Hodgkin, Robert Allason 1916-2003
HODGKIN, Robert Allason 1916-2003
See index for CA sketch: Born February 12, 1916, in Banbury, England; died August 19, 2003, in Oxford, England. Mountaineer, educator, and author. Hodgkin was a renowned mountain climber who became a well-known education theorist after suffering a serious injury. A graduate of Oxford University, where he earned a B.A. in 1937 and an M.A. in 1939, he was part of a generation of enthusiastic climbers in the Oxford University Mountaineering Club that included John Hoyland and David Cox. During the 1930s he climbed peaks in Wales, Norway, and the Caucasus. In 1938 however, he ran into trouble while climbing the Masherbrum, a 24,000-foot peak in the Himalayas. An avalanche buried the camp, and he lost several fingers and toes from frostbite, which effectively ended his climbing career. Hodgkin then began a career in education, teaching at Leighton Park in the Sudan, where he joined the civil service. From 1949 to 1955 he was principal of the Sudan Institute of Education before returning to England to be headmaster at Abbotsholme School in Uttoxeter, where he started a climbing club. He then became a freelance writer and lecturer in education studies at the Department of Educational Studies at Oxford in the 1960s, retiring in 1977; he also served as vice president of the Alpine Club from 1974 to 1975. Hodgkin was the author of several books, including Education and Change (1957), Reconnaissance on an Educational Frontier (1970), and Playing and Exploring: Education through the Discovery of Order (1985).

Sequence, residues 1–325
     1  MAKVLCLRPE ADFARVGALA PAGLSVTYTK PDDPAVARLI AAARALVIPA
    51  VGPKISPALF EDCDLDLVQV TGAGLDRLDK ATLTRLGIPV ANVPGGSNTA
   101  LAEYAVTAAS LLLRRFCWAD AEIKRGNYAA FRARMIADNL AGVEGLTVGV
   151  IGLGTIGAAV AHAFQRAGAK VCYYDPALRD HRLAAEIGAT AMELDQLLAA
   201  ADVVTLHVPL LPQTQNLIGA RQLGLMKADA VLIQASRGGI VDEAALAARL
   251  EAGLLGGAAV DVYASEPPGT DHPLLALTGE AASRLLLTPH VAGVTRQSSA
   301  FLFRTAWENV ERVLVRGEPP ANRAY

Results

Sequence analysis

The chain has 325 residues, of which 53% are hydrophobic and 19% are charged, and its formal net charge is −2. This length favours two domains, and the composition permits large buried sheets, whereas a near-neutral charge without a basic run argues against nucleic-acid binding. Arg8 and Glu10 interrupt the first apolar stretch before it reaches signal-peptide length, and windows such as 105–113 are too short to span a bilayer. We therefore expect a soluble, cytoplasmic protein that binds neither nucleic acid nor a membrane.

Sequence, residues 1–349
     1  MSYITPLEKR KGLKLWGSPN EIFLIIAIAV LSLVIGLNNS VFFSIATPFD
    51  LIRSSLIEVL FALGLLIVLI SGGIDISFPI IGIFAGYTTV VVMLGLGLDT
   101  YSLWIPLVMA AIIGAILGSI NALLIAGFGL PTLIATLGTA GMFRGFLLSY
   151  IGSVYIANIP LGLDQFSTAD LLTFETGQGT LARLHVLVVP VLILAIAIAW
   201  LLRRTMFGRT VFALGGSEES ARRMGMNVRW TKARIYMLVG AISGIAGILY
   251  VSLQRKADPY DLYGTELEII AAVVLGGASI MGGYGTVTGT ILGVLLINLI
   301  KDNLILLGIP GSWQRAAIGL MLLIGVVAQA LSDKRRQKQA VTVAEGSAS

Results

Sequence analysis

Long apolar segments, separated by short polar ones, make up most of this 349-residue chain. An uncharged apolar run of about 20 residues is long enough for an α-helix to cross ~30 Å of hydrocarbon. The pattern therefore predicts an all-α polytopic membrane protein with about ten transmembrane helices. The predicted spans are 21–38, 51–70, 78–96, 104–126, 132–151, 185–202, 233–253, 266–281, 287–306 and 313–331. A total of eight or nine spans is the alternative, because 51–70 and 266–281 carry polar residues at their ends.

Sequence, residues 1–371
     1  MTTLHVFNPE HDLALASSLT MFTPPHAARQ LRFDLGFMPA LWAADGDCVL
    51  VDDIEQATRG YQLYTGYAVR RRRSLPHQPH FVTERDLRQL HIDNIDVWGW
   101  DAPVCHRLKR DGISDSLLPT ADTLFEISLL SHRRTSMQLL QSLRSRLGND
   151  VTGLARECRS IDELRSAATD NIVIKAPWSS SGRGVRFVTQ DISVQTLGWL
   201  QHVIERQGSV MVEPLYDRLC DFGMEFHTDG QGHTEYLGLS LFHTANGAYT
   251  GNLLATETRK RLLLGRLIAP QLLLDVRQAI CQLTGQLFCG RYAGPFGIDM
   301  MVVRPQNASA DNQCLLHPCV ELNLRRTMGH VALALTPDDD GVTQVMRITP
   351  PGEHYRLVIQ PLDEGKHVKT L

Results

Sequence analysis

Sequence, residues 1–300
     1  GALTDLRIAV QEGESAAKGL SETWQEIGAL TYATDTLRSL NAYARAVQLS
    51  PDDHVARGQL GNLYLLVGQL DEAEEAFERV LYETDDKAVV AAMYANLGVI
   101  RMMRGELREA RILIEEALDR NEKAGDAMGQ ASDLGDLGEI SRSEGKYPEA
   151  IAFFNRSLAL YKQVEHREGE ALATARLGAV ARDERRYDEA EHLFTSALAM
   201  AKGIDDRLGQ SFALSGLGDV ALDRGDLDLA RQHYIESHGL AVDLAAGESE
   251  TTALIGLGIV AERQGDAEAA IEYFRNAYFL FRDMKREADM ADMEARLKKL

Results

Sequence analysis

OBITUARIES AND OTHER SOURCES:
Guardian (London, England), August 30, 2003, p. 27.
Independent (London, England), August 25, 2003, p. 14.
Times (London, England), September 17, 2003.